A recent study has linked abstinence and large amount of alcohol consumption to increased risk of cognitive impairment.
The study, conducted at the University of Turku, University of Helsinki and National Institute for Health and Welfare in Finland, shows that midlife alcohol consumption is related to the risk of dementia assessed some 20 years later.
The study indicates that both abstainers and subjects consuming large amounts of alcohol have a greater risk for cognitive impairment than light drinkers.
In addition to total alcohol consumption, the authors were able to assess the effects of different drinking patterns.
The study suggests that drinking large amounts of alcohol (defined as a bottle of wine or the equivalent) at a single occasion at least monthly is an independent risk factor for cognitive impairment.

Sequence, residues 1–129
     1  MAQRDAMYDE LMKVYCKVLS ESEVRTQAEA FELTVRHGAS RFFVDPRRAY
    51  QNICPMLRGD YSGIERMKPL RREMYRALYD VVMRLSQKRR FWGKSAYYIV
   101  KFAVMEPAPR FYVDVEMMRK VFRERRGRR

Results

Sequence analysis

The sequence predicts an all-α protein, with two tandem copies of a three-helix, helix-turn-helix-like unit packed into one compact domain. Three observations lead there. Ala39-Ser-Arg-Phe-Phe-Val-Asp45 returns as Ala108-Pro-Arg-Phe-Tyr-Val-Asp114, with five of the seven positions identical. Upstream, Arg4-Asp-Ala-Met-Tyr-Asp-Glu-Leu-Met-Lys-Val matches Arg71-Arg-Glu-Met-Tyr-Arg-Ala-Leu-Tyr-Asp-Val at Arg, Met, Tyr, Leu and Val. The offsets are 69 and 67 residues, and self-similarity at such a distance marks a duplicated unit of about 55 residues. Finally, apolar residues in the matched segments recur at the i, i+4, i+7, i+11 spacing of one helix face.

Such binge drinking doubles the risk of cognitive impairment even when total alcohol consumption was statistically controlled for.
Similarly, passing out because of heavy drinking on one occasion was also found to increase the development of subsequent cognitive impairment.
Thus, it is not only the amount of alcohol, but also the pattern by which alcohol is consumed that affect the risk of cognitive impairment.
The findings were published in the December issue of the Journal of Alzheimer's Disease.